Is That a Zebra Mussel?

Zebra mussels look like small clams with elongated yellow and /or brown "D" shaped shells. They are usually marked with alternating light and dark herringbone bands, but the number and pattern of the bands or stripes is highly variable. Most zebra mussels are thumbnail size, but some grow up to two inches long. Zebra mussels grow in dense clusters that contain numerous individuals attached firmly to surfaces by strong adhesive threads called byssal fibers. These mussels will attach and colonize on almost any surface type—metal, rubber, glass, cloth—but have been a problem particularly in utility plant intake pipes, which have a constant water current important for mussel growth. This often results in drastically reducing the water flow into the plants. Colonies of zebra mussels can also be found along lakeshores, riverbanks, and piers. And mussels will attach to aquatic plants, rocks, floating debris, other bivalves, and crustaceans. Reports of zebra mussel densities along many shallow areas of Lake Erie exceed 30,000 per square meter. European studies have reported very high colony densities that exceed 100,000 mussels per square meter.


Zebra mussels, like other bivalves, are filter feeders. Phytoplankton, microscopic algae, and organic debris are siphoned in and filtered by the mussel's ciliated (2) gills. Reports indicate that the average zebra mussel can filter one liter of water per day. Since its introduction into the Great Lakes, researchers and residents have noticed a dramatic increase in water clarity due to mussels' filtering of particles from the water. But filtering may also reduce the availability of food to other aquatic organisms. It is uncertain what impact zebra mussels will have on the food chain in heavily infested lakes and ponds.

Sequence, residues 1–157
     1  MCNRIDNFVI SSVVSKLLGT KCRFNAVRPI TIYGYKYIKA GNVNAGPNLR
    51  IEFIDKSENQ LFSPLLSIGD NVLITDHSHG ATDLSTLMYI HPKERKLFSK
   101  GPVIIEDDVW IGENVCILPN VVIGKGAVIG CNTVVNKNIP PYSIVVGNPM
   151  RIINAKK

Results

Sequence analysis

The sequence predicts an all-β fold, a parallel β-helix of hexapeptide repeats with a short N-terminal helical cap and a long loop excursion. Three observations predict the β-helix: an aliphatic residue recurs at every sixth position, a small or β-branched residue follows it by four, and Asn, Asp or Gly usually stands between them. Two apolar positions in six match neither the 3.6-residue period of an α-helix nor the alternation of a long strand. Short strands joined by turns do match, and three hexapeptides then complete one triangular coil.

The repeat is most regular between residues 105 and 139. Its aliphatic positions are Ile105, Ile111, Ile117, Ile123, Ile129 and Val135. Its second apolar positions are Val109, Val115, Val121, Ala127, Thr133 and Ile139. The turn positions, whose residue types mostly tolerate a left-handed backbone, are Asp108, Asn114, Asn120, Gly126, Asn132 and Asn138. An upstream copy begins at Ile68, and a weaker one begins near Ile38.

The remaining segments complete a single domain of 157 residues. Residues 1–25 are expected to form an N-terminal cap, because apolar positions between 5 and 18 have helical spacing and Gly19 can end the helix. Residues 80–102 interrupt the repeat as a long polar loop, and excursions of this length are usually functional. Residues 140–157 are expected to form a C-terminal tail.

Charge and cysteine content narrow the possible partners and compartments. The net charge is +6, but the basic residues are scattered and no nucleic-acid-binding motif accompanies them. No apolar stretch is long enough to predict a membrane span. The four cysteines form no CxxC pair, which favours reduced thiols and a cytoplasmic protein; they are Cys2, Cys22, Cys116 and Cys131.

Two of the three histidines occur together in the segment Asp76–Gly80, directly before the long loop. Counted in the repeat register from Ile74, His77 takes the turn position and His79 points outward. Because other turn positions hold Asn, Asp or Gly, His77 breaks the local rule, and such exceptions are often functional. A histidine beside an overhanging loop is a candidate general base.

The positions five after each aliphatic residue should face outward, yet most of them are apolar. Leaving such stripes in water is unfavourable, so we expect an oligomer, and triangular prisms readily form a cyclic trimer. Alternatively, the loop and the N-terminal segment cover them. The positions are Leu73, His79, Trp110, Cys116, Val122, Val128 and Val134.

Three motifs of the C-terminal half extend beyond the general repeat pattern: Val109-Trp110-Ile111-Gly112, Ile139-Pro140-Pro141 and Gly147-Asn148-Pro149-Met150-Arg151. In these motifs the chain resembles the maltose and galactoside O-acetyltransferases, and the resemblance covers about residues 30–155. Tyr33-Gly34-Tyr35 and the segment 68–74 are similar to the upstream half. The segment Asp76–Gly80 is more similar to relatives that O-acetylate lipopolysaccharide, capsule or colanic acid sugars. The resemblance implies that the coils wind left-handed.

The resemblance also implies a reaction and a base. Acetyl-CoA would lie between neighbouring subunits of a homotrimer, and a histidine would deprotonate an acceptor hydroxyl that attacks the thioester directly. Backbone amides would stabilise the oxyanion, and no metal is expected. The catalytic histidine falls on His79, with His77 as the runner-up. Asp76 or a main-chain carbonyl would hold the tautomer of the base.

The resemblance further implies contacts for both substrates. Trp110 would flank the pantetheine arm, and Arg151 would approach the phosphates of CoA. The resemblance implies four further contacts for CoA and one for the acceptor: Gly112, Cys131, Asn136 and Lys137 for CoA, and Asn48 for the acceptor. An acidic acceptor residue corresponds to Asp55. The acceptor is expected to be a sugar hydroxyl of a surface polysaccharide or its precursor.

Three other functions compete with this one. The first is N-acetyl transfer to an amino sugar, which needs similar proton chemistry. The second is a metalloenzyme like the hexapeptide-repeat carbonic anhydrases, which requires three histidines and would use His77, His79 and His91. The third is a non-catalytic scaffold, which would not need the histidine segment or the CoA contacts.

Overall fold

Zebra mussels spawn twice per year—in late July and late August. The average female zebra mussel can release up to 100,000 eggs per year. Once fertilized, the egg will hatch within days and develop into a free-swimming planktonic larva called a veliger. The microscopic veligers are transported by the water currents and, in some instances, inadvertently by humans.

Zebra mussels are able to tolerate a wide range of environmental conditions, but colonization appears to be determined by depth, water temperature, and salinity. Most mussel colonies grow at depths of 2 to 7 feet, but some Great Lakes researchers have sighted mussels at depths of 180 feet. Zebra mussels actively feed and spawn as water temperatures reach 54 F, but can tolerate temperatures ranging from 45 F to 90 F. One of the most important conditions limiting the zebra mussels' expansion is salinity. While primarily a freshwater species that lives in salinities of 0.21 to 1.47 parts per thousand (ppt), zebra mussels can tolerate salinities up to 13.40 ppt, typical of estuarine systems.